It is often difficult to define the borders between immediate artistic expression and artistic research. As shown in the examples here, in the minds of many of us the artistic research and the craft of tool-making are frequently very closely knit together. The creation of tools for an artistic research project helps us easier distinguish it from an unconscious act of creating/performing art. The importance of tools for research is clear – just ask yourselves: is research without tools at all possible?
Let us for a second have a look at what a tool is: a tool is simply an implement used to achieve a goal. Any implement, and any goal.
When encountering a specific problem, the composer/researcher is often prompted to develop a solution, be it a hardware, a software or a methodological one, which would enable him/her to overcome a said problem. And after the obstacle is overcome, this entity, this tool – remains. Remains to be fine tuned, expanded, re-used, re-purposed, shared. Outgrowing the boundaries of a single art-piece, it gets a life of its own.
Similar to Whorf’s and Wittgenstein’s assumption that language plays a decisive role in shaping our view of reality, so do we shape our tools and our tools shape us. Our social practices co-evolve with our use of new tools and the refinements we make to existing tools. Tools, and by extend, technologies (since the simplest form of technology is the development and use of basic tools) “… don’t just fill antecedently existing needs and they don’t do so merely by amplifying what we can do. They let us do new things, not only to solve old problems but also to frame new ones.”(…) “(…) but they also enable us to think thoughts and understand ideas that we couldn’t think or understand without them.”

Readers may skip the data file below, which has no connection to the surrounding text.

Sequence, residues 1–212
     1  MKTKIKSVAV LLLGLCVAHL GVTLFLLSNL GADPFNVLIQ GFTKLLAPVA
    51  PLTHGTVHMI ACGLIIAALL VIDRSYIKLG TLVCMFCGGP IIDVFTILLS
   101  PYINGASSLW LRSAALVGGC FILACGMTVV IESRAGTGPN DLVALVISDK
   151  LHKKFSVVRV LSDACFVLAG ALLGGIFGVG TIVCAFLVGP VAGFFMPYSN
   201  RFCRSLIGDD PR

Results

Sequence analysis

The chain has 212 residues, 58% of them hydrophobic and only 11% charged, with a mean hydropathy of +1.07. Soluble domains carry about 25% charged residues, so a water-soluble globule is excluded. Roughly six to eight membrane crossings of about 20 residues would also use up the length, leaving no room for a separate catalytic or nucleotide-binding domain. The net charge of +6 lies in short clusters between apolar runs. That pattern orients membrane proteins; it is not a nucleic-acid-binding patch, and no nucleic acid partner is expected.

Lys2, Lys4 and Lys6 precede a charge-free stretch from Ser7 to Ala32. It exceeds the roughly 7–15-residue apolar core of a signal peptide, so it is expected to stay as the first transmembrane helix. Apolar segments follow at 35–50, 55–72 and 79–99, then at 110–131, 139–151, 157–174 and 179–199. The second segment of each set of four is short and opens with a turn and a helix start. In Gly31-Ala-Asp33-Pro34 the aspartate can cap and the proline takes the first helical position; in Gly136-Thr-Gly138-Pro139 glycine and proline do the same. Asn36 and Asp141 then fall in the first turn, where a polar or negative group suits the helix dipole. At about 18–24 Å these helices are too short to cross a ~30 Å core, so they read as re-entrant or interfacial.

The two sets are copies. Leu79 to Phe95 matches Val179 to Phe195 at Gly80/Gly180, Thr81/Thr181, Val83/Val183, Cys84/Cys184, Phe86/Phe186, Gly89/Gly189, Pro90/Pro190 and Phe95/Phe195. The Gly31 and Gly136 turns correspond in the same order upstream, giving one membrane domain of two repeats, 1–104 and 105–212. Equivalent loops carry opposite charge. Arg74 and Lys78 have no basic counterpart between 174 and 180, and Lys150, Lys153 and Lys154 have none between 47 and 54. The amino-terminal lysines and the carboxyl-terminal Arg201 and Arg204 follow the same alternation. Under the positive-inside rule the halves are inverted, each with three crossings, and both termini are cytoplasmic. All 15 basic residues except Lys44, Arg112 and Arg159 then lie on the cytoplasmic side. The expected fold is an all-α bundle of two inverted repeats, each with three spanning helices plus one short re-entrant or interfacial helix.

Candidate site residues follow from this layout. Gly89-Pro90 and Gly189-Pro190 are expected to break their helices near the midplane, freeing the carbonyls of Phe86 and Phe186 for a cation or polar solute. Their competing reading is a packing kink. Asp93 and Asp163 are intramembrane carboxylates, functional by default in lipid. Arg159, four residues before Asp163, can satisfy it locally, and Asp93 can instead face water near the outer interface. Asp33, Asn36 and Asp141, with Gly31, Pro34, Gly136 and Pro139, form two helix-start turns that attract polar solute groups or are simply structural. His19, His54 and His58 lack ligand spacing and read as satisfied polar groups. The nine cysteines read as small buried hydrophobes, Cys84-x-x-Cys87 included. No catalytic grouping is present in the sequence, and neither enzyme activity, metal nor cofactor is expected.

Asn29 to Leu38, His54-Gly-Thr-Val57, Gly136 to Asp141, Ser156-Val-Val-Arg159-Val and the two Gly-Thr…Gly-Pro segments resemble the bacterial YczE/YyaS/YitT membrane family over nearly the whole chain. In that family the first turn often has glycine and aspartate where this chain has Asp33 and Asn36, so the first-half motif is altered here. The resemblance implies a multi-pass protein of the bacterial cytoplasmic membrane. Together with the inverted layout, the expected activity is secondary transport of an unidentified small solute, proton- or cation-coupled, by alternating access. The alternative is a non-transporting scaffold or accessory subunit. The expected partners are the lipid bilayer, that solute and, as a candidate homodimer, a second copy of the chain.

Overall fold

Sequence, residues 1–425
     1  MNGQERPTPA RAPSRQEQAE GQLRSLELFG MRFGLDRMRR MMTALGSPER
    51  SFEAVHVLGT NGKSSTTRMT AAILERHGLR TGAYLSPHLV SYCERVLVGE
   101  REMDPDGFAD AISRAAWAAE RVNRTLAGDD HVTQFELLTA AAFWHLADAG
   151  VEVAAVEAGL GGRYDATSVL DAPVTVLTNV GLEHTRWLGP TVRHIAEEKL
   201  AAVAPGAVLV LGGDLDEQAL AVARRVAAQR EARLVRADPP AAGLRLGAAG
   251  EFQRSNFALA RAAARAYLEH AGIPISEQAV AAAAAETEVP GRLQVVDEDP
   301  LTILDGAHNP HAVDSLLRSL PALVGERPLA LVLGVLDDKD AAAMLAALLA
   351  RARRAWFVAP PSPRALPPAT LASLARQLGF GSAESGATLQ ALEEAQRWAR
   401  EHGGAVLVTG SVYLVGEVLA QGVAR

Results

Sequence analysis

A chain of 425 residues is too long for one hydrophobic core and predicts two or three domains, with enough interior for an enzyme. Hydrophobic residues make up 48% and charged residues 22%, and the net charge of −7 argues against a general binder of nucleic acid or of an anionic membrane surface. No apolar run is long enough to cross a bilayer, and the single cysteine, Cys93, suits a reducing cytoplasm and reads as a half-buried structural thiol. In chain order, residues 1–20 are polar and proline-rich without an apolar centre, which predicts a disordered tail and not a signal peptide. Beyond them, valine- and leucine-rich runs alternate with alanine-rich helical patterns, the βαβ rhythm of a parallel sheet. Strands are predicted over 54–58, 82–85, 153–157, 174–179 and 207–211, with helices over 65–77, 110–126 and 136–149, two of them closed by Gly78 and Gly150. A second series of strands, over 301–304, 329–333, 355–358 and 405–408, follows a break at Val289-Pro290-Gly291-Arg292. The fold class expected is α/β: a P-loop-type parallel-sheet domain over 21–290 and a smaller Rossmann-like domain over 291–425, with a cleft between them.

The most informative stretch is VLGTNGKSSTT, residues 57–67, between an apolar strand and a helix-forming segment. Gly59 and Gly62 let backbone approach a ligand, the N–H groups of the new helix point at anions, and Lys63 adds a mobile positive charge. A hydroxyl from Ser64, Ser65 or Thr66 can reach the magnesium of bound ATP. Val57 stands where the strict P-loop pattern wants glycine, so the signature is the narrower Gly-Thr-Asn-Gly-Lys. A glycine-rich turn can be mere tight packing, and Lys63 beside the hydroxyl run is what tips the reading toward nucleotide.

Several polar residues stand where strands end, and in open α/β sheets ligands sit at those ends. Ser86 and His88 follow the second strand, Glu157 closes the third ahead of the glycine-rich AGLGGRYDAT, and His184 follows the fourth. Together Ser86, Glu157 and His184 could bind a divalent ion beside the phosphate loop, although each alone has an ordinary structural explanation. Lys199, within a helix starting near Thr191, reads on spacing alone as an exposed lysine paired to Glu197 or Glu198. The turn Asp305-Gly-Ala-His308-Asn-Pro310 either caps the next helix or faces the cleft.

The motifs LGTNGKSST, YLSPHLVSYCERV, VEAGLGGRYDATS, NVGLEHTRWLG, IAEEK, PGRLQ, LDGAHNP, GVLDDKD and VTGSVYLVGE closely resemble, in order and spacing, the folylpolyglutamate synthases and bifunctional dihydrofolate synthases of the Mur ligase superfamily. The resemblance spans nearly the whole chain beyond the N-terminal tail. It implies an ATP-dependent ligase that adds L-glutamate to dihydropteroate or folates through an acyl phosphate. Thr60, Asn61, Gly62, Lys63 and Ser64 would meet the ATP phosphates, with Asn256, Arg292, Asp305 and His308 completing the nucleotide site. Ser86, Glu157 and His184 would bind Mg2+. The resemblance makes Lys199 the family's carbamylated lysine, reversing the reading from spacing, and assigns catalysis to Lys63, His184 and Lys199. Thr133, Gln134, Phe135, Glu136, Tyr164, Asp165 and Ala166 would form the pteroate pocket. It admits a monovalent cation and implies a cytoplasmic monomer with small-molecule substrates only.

“We become what we behold. We shape our tools and then our tools shape us” – John Culkin, 1967. Misattributed to Marshall McLuhan, but actually written by Father John Culkin, SJ., a Professor of Communication at Fordham University in New York and friend of McLuhan.
 “Strange tools – Art and human nature”, Alva Noë, Hill and Wang, New York, 2015